France 2 Australia 1
VAR and goal-line technology played roles as France got off to a winning start in the first game not to feature a team wearing adidas (the officials’ kits are made by the Germany company but they’re bereft of logos).
We actually quite like the three-tone blue of the French kit, but would have preferred the traditional red socks. Australia’s shirts feature a unique sleeve design – a wave design based on a rallying cry for a ‘sea of gold’.
Peru 0 Denmark 1
A meeting of two of the nicest kits in the tournament, for our money. Denmark switching to red shots.
Peru are Umbro’s only contract at the finals and if we were to have on quibble it’s the way the front number is applied, creeping onto the sash – surprisingly, the back number sits flush on the sash whereas Fifa insist the likes of Croatia must have a plain back.
Denmark’s shirt features a number of subtle details, while the goalkeeper’s outfit mirrors the design.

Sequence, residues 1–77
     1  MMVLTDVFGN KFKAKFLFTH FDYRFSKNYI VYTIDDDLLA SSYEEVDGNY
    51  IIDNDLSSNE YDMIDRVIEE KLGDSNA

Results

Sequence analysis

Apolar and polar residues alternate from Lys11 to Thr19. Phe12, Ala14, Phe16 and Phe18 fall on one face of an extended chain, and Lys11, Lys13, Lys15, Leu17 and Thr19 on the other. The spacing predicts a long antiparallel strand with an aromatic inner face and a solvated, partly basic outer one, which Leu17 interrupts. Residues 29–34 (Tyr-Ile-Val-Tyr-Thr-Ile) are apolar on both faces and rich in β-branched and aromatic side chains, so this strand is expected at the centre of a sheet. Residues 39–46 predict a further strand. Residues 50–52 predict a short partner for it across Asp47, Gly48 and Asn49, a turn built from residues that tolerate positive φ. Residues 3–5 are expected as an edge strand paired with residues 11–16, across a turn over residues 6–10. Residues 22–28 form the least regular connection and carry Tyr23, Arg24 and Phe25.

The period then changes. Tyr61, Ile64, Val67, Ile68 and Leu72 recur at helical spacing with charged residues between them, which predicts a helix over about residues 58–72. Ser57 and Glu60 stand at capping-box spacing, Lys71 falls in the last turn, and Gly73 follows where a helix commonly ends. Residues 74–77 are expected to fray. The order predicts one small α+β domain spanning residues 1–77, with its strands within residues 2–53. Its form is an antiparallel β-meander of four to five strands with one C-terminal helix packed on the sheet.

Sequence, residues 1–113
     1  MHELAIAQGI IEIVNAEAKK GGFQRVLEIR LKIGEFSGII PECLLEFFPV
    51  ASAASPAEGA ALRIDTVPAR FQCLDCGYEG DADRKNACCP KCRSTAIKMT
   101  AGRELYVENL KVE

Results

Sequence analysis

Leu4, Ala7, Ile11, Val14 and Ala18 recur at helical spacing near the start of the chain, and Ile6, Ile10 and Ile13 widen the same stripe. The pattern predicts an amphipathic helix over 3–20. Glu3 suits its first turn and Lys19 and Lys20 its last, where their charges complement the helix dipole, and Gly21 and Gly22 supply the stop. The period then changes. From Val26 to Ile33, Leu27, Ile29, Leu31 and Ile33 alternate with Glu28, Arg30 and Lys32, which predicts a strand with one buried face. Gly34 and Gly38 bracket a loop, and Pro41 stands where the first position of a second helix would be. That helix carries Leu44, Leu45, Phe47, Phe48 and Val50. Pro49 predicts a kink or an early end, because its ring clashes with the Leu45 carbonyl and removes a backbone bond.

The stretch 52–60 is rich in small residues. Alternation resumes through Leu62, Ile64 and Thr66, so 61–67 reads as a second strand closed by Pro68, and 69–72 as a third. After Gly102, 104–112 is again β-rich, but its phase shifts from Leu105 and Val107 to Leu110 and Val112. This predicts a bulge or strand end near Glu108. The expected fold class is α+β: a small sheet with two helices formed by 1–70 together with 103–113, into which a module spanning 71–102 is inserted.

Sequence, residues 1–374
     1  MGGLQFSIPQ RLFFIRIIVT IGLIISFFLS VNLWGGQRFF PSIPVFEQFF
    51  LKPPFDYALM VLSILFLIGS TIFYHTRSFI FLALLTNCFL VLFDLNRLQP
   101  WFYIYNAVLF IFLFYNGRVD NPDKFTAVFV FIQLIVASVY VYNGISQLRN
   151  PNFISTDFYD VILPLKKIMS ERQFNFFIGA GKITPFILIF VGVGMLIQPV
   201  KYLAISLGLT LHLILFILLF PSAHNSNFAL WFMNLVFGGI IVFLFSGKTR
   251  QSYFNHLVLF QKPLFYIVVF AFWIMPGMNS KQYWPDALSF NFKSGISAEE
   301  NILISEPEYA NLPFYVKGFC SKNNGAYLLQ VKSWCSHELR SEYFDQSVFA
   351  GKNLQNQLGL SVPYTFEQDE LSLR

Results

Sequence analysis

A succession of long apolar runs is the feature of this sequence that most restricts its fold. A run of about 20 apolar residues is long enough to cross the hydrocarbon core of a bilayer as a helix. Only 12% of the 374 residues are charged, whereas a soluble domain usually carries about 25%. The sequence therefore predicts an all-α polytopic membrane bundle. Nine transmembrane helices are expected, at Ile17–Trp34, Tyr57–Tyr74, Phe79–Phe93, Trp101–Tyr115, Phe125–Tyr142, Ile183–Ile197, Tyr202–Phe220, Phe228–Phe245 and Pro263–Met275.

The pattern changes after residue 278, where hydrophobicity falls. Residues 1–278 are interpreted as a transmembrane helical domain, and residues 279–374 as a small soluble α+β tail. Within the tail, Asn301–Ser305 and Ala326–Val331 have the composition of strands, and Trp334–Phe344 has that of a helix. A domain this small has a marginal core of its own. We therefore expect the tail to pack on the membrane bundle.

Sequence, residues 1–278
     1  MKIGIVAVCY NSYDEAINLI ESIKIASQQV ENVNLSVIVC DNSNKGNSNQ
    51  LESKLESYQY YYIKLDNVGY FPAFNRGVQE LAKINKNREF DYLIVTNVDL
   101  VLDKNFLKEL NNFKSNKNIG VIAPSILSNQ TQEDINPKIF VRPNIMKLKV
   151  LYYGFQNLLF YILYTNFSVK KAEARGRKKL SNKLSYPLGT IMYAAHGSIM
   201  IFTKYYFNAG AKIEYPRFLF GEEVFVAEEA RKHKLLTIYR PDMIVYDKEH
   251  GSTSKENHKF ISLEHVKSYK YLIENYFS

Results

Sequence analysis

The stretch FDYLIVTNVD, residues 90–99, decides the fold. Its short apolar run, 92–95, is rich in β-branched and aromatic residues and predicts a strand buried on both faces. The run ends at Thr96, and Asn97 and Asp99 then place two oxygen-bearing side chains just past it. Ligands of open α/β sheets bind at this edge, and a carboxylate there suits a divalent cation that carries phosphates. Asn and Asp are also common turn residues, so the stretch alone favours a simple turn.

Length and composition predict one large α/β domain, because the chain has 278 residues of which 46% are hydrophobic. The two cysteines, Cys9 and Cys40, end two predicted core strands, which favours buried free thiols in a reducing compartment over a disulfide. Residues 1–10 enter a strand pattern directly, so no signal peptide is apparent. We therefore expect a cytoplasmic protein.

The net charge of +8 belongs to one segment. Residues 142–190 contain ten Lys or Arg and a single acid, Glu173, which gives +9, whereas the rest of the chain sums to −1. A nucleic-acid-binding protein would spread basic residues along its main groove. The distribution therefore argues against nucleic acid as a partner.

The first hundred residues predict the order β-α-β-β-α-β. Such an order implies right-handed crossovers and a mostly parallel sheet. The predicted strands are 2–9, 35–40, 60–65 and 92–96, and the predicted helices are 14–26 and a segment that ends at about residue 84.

Argentina 1 Iceland 1
Two excellent kits, though we feel that both countries could have worn their home kits without too much trouble.
Argentina’s black change shirts are based on the 1993 change strip, although that was navy – we’ll have to dock a mark for the fact that the shoulder stripes are all white whereas the home shorts and away socks are sky blue-white-sky blue.
Volcanoes and geysers provided the inspiration for Iceland’s sleeve-design, while the red goalkeeper kit was pleasingly complementary.
Croatia 2 Nigeria 0
Fans of Nigeria’s new home kit were left disappointed as they instead wore a solid dark green change kit – Croatia were forced to switch to white socks from blue as a result. Their famous chequered pattern is larger than usual this time around.